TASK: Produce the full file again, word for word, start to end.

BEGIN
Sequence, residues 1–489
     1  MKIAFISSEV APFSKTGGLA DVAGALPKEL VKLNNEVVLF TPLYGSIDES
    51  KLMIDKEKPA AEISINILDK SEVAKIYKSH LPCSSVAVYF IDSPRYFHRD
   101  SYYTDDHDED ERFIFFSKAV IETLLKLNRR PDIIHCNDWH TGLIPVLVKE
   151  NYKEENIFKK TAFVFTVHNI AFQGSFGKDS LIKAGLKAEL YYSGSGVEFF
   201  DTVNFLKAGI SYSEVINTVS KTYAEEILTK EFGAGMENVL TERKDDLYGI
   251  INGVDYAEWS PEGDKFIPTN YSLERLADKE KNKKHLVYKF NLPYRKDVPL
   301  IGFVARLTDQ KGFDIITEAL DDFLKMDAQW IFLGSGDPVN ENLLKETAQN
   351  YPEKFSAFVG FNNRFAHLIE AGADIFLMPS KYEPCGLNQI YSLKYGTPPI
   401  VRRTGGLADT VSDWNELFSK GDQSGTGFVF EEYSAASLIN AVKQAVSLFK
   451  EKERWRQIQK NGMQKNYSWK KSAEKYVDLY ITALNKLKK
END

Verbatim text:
Sequence, residues 1–489
     1  MKIAFISSEV APFSKTGGLA DVAGALPKEL VKLNNEVVLF TPLYGSIDES
    51  KLMIDKEKPA AEISINILDK SEVAKIYKSH LPCSSVAVYF IDSPRYFHRD
   101  SYYTDDHDED ERFIFFSKAV IETLLKLNRR PDIIHCNDWH TGLIPVLVKE
   151  NYKEENIFKK TAFVFTVHNI AFQGSFGKDS LIKAGLKAEL YYSGSGVEFF
   201  DTVNFLKAGI SYSEVINTVS KTYAEEILTK EFGAGMENVL TERKDDLYGI
   251  INGVDYAEWS PEGDKFIPTN YSLERLADKE KNKKHLVYKF NLPYRKDVPL
   301  IGFVARLTDQ KGFDIITEAL DDFLKMDAQW IFLGSGDPVN ENLLKETAQN
   351  YPEKFSAFVG FNNRFAHLIE AGADIFLMPS KYEPCGLNQI YSLKYGTPPI
   401  VRRTGGLADT VSDWNELFSK GDQSGTGFVF EEYSAASLIN AVKQAVSLFK
   451  EKERWRQIQK NGMQKNYSWK KSAEKYVDLY ITALNKLKK